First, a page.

In accordance to a survey due to the Movement of IVC Filter, Fracture Linked to Hundreds of Injuries & 27 Deaths. The device was introduced in 1979, and its use increased continuously through the years. By 2012, doctors inserted approximately 259,000 filters in patients. Report on IVC filters and the recent controversy that has arisen over the devices states that several numbers of lawsuits have been filed in court related to the failures of the devices. NBC News reports states that a major device manufacturer, CF Bard, knew about dangers with one type of IVC filter but failed to share this information with the public, unnecessarily placing patients at risk.
A number of patients have reported that the filter has migrated to another part of the body or has actually fractured, thus sending pieces to travel through the bloodstream. As the pieces move through the body there is a potential danger that they could puncture veins or the pieces could become embedded into vital organs or intestines. Unfortunately for some patients, they have been told by their doctors that the pieces cannot be removed since they have migrated and settled in parts of the body considered as too “high risk” for surgical removal. This presents long-term issues for the patient. Many lawsuits have been filed by patients alleging that they have been placed in this dangerous situation.
An Inferior Vena Cava (IVC) filter is a medical device that is used to prevent blood clots from traveling to the lungs. IVC filters are implanted into the Vena Cava, the largest vein in the body, which transports “used” blood from the tissues and organs to the heart, where it is pumped to the lungs to be oxygenated and re-used. IVC filters are used in patients with certain clotting disorders like deep vein thrombosis (DVT) who cannot take anticoagulant medication. They are intended to “catch” blood clots before they reach the lungs and become a pulmonary embolism which can be fatal. There are two types of IVC filters, permanent and optional or retrievable. Some filters are permanent, and some are retrievable or temporary. Doctors remove retrievable filters in a similar way that they implant them. Healthcare providers inject contrast or X-ray dye around the device to make sure it is safe to proceed with the removal. A catheter-like snare goes into the vein and grabs the hook located at the end of the filter. The filter is then covered by a sheath and pulled out of the vein. While doctors use these devices to help save lives, they also have serious side effects including vein and organ perforation, migration and breakage. Broken pieces of filters can travel through the body, damaging organs. Some doctors and patients also accuse IVC manufacturers of hiding these risks.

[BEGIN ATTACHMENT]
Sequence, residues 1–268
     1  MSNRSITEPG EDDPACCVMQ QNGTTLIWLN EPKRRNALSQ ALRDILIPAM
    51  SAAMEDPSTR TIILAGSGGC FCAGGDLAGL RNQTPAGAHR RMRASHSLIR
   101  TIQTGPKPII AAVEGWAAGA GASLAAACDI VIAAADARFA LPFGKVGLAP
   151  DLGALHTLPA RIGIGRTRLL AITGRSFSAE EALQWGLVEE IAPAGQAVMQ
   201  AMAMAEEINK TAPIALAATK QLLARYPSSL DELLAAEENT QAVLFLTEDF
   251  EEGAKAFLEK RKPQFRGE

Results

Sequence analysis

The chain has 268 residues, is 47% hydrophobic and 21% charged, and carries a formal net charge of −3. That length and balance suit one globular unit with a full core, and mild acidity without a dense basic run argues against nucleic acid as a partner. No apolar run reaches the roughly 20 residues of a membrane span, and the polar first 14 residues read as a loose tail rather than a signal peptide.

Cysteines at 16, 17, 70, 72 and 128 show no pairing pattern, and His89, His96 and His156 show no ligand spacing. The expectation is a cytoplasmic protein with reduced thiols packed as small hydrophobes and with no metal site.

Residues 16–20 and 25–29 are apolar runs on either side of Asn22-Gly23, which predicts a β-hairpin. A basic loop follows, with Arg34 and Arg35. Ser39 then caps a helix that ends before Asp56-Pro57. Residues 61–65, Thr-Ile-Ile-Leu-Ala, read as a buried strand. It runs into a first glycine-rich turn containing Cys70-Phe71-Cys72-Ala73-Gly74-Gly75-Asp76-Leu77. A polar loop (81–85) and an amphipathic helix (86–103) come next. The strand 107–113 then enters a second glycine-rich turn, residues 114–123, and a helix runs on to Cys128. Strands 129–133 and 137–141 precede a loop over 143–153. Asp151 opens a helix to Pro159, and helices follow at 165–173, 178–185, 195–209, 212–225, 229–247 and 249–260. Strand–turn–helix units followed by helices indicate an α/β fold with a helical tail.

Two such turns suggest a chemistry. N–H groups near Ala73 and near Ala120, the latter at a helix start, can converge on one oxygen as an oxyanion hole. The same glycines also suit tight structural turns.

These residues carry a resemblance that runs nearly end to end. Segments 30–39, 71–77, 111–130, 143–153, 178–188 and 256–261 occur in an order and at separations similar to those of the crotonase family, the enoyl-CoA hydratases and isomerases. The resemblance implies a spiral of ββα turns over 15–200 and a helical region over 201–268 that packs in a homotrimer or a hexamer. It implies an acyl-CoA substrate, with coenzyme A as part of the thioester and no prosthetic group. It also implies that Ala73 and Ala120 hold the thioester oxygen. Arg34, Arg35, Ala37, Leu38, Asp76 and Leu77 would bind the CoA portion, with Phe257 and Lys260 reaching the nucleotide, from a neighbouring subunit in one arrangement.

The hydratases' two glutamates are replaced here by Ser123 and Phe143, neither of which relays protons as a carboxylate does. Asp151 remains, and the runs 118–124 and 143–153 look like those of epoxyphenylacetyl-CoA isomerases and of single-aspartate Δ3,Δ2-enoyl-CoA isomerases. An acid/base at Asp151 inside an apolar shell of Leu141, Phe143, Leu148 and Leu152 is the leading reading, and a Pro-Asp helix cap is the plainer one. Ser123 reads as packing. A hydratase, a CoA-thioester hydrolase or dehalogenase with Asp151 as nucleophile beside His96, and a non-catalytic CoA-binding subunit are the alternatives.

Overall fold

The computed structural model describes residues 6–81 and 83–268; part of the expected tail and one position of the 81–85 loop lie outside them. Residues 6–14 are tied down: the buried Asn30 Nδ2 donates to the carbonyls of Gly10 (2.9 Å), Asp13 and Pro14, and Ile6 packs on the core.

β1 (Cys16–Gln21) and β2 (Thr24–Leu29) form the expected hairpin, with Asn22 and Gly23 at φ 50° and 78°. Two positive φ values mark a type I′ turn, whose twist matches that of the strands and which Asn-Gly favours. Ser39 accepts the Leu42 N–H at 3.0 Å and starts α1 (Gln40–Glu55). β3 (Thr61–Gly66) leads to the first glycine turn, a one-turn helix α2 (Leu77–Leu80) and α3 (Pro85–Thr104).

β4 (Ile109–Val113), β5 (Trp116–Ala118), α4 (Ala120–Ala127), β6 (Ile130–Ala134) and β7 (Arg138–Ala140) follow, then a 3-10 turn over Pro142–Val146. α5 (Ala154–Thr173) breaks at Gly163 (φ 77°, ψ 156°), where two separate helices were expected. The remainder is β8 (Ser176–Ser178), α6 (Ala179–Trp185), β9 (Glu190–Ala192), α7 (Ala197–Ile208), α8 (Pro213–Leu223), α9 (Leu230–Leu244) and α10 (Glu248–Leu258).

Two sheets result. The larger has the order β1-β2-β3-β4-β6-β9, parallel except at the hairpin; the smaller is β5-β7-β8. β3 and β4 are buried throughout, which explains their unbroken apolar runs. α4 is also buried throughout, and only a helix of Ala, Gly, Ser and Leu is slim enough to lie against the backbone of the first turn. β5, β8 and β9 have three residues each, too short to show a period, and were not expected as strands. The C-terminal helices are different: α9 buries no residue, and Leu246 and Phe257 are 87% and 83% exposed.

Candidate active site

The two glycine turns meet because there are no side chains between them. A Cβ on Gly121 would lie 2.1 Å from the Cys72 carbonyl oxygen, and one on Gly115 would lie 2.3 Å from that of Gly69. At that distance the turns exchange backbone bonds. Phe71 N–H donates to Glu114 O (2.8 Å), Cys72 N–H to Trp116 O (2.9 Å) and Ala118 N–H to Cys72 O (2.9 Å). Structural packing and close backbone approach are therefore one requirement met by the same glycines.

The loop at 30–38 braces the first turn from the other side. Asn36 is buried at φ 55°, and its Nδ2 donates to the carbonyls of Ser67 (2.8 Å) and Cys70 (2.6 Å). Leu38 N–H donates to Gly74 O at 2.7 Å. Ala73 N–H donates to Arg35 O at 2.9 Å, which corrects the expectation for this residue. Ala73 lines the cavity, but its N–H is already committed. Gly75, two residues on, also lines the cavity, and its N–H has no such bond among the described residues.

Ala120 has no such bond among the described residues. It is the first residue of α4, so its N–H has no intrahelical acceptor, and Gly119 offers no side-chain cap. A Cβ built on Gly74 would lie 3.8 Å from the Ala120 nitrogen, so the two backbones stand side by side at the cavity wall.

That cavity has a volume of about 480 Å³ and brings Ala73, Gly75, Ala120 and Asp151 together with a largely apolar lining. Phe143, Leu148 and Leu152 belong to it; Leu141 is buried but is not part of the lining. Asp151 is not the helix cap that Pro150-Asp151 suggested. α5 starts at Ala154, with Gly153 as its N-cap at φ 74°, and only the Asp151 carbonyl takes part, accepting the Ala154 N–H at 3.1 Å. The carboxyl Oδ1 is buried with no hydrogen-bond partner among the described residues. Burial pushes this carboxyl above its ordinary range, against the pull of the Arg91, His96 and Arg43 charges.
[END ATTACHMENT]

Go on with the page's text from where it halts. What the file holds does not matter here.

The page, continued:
Recent studies have identified IVC filters to have dangerous and potentially life threatening side effects. If an IVC device -fails, it can cause a number of serious adverse events. From 2005 to 2010, the Food & Drug Administration received at least 921 reports of adverse events associated with IVC. As per a survey 328 cases involving device migration to the heart or pulmonary artery causing fluid accumulation, heart arrhythmia or death, 146 cases reported about involving remobilization (blockage in the artery) after detachment of IVC filter components, 70 cases are about involving filter perforation (damage to artery walls and/or organs) and 56 cases involving filter fracture. Approximately 4% casesassociates to death.There are several complications that have been associated with IVC filters. Some of the more serious side-effects include:
- Internal Bleeding (Hemorrhagic Pericardial Effusion or Other Hemorrhage)
- Cardiac Tamponade or Pericardial Tamponade
- Punctured Veins or Punctured Vena Cava
- Fracture of the IVC Filter
- Perforation, Puncture or Serious Damage to the Heart, Lungs or Vena Cava
- Internal Bleeding
- Cardiac or Pericardial Tamponade
- Ventricle Tachycardia
- Lower Limb DVT
- Hematoma or Nerve Injury at the Puncture Site
The FDA issued a second alert regarding the importance of retrieving IVC filters, and recommended that the devices be removed between 29 and 54 days after implantation. Patients who believe their vena cava filters may have fractured should contact their doctor immediately. A computerized tomography (CT) scan or other test will be used to determine whether the device has failed.